Many of the disabilities of survivors of childhood cancer are invisible. To help children and teens reach their true potential, changes in intellectual functioning and social skills must be diagnosed early and addressed. Students whose style of learning has changed as a result of treatment need their parents and teachers to explore the many excellent methods to enhance their ability to learn.
It is also important to remember that for surviors of childhood leukemia with learning problems from treatment, higher cognitive functioning often remains intact; it is just getting the information in ("processing") that is impaired. Children who were gifted usually remain so; children with average abilities retain them. Their performance may be slower, they may require extra instruction in memory enhancement and organizational skills, but they can still achieve to their potential. There are thousands of survivors in their late teens and twenties who are successfully attending college, or who have graduated and are pursuing professional careers w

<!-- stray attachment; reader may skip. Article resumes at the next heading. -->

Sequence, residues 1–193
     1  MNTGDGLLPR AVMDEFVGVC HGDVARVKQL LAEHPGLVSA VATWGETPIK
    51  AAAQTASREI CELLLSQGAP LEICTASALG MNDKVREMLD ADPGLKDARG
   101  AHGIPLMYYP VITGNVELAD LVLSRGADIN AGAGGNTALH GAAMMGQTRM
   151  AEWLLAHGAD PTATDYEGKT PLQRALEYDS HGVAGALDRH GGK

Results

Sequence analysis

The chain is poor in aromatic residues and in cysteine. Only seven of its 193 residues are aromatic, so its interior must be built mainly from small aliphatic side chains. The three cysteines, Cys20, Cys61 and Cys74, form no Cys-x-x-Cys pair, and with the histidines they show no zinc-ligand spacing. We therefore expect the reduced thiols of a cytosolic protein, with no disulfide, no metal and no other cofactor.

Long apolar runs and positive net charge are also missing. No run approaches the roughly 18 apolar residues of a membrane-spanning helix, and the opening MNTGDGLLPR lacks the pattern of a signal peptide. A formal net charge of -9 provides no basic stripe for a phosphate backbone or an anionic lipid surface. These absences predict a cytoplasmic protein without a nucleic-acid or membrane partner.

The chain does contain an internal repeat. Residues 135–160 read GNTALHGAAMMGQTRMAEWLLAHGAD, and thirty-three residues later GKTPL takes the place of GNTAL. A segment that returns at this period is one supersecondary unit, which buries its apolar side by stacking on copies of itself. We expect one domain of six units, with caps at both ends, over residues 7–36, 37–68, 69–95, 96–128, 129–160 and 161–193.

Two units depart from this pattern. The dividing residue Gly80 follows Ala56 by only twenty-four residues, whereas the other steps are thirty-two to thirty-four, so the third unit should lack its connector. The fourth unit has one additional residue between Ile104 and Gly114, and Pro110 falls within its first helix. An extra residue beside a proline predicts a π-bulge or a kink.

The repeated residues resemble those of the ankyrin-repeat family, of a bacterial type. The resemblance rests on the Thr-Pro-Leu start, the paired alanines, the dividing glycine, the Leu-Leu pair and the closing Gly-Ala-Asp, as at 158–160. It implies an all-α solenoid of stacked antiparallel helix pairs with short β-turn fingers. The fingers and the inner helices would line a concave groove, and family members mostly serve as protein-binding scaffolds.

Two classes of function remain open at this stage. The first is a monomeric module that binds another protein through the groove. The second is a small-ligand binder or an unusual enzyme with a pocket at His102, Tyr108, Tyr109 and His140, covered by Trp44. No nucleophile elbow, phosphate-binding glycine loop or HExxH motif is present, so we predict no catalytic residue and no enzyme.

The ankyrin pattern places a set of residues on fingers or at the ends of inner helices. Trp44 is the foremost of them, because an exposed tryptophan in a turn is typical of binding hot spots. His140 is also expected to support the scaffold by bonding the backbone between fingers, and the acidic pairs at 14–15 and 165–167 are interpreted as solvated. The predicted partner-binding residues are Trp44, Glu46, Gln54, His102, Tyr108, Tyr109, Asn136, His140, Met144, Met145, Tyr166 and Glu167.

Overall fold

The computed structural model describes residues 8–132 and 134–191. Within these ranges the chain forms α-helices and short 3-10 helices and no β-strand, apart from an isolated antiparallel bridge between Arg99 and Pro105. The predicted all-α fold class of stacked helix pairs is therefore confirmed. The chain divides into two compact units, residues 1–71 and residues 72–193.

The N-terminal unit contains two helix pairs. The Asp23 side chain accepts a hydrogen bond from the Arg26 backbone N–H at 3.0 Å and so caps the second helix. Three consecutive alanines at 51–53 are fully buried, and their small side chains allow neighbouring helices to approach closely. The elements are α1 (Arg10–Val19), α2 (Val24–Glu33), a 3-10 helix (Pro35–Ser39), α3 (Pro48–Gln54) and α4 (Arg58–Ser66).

The following passage was written by Brigit Tuxen and is reprinted from Candlelighters Youth Newsletter, Fall 1994, Vol. XVI No. 4.
My diagnosis of high-risk ALL gave me a 50 percent chance of survival. Cranial radiation and three years of blood tests, IV, chemotherapy, bone marrows, and spinal taps were my prescription. A positive outlook pushed me through the bad times. Somehow I understood that all the hurt was for a good reason, and that it would make me well.
Call it a miracle, luck, or determination to live—I survived! But I would soon realize that I would never be like all the other kids. The radiation that destroyed cancer cells also harmed some of my brain cells. For the past five years, I have had slight difficulty with math and science courses at school, but with the help of a tutor I've managed to pull through challenging honors classes with As and Bs. However, I am often the last to finish class assignments or tests. It is very frustrating and often embarrassing. The SAT has become my ultimate challenge. Despite this minor disability, I continue to set high standards for myself. I feel extremely lucky to have beaten this disease, and I want to do anything I can to help those who are fighting cancer or some other hardship.
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